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Re: Facts

Cross platform in Java works really well.

Which is why all our desktop apps are written in Java… Oh wait, they're not. The LibreOffice lot are even busy ripping Java out – not that I'm personally convinced that this is such a good move.

On the server-side Java got established in the corporate space and will remain for the duration But it wasn't because it was multi-platform, it's because it was what IBM, Sun, et al. were able to convince the suits to buy.

As I said, the work done on the JVM has made it a lot easier for other languages to be reliably cross-platform. Also: thank god for QT!

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Re: Facts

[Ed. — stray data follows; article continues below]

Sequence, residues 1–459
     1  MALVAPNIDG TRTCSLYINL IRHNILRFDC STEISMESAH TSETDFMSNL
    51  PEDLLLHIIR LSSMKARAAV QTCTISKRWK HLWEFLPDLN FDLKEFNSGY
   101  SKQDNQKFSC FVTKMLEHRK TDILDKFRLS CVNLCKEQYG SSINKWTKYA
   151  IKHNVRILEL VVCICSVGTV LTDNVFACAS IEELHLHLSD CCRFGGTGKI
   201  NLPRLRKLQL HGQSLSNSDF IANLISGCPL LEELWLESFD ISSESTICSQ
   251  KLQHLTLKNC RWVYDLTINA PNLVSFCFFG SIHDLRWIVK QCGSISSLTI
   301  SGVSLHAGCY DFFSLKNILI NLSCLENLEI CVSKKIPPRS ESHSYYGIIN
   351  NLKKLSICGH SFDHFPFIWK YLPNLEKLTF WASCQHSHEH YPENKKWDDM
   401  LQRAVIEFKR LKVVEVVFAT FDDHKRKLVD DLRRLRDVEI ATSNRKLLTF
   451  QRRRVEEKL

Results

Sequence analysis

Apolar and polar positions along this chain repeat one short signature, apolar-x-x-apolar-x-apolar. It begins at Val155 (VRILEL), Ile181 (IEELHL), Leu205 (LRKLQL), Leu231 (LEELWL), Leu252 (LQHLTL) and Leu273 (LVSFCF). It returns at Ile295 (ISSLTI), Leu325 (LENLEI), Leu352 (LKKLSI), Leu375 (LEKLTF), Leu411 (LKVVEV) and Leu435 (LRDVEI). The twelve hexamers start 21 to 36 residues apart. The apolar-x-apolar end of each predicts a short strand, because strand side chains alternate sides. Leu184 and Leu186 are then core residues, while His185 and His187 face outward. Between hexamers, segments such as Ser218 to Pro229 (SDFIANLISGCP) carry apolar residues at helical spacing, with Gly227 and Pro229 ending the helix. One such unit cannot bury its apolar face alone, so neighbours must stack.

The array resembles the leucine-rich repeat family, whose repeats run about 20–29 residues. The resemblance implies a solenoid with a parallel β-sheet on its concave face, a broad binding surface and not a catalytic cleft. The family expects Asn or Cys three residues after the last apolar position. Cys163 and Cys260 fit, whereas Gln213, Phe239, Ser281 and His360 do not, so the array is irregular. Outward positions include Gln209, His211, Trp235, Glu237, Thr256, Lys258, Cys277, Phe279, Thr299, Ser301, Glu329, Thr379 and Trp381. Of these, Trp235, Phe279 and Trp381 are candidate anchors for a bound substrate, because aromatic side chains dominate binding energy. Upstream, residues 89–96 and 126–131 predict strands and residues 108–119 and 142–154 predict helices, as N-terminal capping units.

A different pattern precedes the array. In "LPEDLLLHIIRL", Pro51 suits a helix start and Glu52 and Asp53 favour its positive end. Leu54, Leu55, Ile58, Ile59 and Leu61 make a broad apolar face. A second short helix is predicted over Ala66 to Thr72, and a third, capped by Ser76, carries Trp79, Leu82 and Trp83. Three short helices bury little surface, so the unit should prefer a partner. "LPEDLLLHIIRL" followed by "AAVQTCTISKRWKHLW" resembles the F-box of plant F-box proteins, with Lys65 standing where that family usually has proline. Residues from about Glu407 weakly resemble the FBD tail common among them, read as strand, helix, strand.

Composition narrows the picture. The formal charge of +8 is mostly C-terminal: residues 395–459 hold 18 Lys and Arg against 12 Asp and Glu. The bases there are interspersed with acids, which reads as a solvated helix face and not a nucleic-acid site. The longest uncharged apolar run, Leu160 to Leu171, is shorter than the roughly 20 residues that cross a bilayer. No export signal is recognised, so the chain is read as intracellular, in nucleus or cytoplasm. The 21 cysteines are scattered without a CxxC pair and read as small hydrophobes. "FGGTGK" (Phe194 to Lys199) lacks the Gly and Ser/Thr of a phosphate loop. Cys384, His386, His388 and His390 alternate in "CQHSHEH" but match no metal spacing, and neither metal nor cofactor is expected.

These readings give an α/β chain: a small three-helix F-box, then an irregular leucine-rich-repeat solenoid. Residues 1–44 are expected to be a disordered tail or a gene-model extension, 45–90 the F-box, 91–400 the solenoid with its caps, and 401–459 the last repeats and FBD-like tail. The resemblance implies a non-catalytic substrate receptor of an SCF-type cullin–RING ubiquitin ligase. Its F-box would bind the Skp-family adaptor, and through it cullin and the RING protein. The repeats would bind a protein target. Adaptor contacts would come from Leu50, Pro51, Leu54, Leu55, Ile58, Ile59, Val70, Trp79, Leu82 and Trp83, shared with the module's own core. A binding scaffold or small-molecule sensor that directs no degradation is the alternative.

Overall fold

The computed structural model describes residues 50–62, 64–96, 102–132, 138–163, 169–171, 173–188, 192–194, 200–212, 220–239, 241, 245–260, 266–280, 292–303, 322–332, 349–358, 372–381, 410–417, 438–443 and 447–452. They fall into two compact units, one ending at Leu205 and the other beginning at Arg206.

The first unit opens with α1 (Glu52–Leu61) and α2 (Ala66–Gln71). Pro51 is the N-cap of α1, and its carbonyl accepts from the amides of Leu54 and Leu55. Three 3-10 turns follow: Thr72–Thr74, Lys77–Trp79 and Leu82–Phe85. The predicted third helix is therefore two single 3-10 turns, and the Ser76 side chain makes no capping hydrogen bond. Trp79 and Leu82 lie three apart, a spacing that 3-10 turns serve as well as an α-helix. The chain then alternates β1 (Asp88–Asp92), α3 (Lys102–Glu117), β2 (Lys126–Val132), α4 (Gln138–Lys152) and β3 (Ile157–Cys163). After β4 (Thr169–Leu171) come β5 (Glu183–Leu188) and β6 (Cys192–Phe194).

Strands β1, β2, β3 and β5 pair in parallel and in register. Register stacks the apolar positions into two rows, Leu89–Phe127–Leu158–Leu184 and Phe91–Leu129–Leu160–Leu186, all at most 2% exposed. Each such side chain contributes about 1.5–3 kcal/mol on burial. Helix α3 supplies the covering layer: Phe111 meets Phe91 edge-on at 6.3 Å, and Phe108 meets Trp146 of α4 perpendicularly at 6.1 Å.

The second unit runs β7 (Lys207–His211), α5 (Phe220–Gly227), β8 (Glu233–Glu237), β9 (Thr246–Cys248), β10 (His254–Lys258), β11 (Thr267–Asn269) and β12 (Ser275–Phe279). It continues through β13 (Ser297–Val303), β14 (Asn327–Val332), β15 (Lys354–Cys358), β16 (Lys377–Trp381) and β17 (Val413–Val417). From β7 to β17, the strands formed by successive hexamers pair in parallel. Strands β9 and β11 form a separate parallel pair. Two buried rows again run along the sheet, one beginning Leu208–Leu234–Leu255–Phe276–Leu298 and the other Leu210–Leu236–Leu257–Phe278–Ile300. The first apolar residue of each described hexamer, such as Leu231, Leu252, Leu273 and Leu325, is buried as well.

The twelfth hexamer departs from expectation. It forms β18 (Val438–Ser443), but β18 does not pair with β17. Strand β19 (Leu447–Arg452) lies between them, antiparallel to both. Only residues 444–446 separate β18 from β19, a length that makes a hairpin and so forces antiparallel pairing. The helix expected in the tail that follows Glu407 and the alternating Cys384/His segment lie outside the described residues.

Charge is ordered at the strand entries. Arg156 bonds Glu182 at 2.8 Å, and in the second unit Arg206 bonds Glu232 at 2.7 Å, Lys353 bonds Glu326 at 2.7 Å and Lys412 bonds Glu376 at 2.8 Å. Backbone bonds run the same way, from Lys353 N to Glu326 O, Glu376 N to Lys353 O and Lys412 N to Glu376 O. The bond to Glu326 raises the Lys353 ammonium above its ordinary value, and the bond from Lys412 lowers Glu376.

"Which is why all our desktop apps are written in Java… Oh wait, they're not. The LibreOffice lot are even busy ripping Java out – not that I'm personally convinced that this is such a good move."

Eclipse & IdeaJ are two non trivial applications running on Java. And they're not just used for Java development either. Eclipse RCP is used in a raft of enterprise desktop apps. There are games too, of which Minecraft is the most well known.

"On the server-side Java got established in the corporate space and will remain for the duration But it wasn't because it was multi-platform, it's because it was what IBM, Sun, et al. were able to convince the suits to buy."

It was established server side because it is incredibly reliable and cross platform. Businesses value these things over raw throughput, Developers can write and package a .war / .ear application on a PC, transfer it to a suitable app server running on virtually anything and it will just work. It's extremely powerful and as testament to that, countless backends are powered by Java.